Growth and development does not just derive from agriculture, but the wider economic linkages that are generated. Successful agriculture generates employment opportunities, it results in multiplier effects in the service industries, and it boosts consumption as people buy more things. Equally, in dryland agricultural settings few can rely on just agriculture for their livelihoods. They must seek piece work jobs in the dry season, sell their skills as builders, carpenters, tailors or hairdressers. And they can make use of local resources for making craft items or agricultural equipment and tools.
In other words, in order to assess the success of the wider economy and individual livelihoods, we need to look at the rural economy in the round, and look at things going on on-farm as well as off, and the flows of resources that come to the area from outside, as well as those that leave. Too often there are narrow assessments of economies and livelihoods that miss these wider dimensions. There are multiple livelihood opportunities in the communal and resettlement areas, as well as flows of labour, remittances and trade. How then do these patterns compare?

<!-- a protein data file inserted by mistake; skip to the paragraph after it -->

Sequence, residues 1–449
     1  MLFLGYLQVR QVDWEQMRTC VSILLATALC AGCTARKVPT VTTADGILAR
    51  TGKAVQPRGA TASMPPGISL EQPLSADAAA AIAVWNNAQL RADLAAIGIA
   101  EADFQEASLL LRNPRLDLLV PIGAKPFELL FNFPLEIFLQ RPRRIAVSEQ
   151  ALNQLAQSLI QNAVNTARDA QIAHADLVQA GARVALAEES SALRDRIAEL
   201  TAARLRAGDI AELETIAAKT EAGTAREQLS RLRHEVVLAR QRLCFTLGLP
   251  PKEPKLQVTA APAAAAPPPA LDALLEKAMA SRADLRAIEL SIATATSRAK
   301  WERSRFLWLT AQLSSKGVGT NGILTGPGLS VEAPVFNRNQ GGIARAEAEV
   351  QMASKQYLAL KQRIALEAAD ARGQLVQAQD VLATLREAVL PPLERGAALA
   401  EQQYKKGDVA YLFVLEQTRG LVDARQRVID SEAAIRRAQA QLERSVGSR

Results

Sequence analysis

A1 farmers employ considerable numbers of labourers. 42% of A1 self-contained and 12% of A1 villagised farm households employ temporary labour, while 16% and 17% employ permanent labour. By contrast in the communal area sites only 2% of households employ permanent and temporary in the sites outside Chikobmedzi, where a few farmers employ significant numbers, although concentrated among the more successful farmers for piecework on larger farm areas. On average though across the A1 sites, households employ 0.53 temporary workers and 0.2 permanent workers, while those employed in the communal areas are vanishingly few. The employment opportunities, although often temporary and low paid, are important for many, and attract hundreds of people to live and work in these areas. This is an important part of the wider economy, and many of these people come from the nearby communal areas, with labour being recruited through family, church and other networks.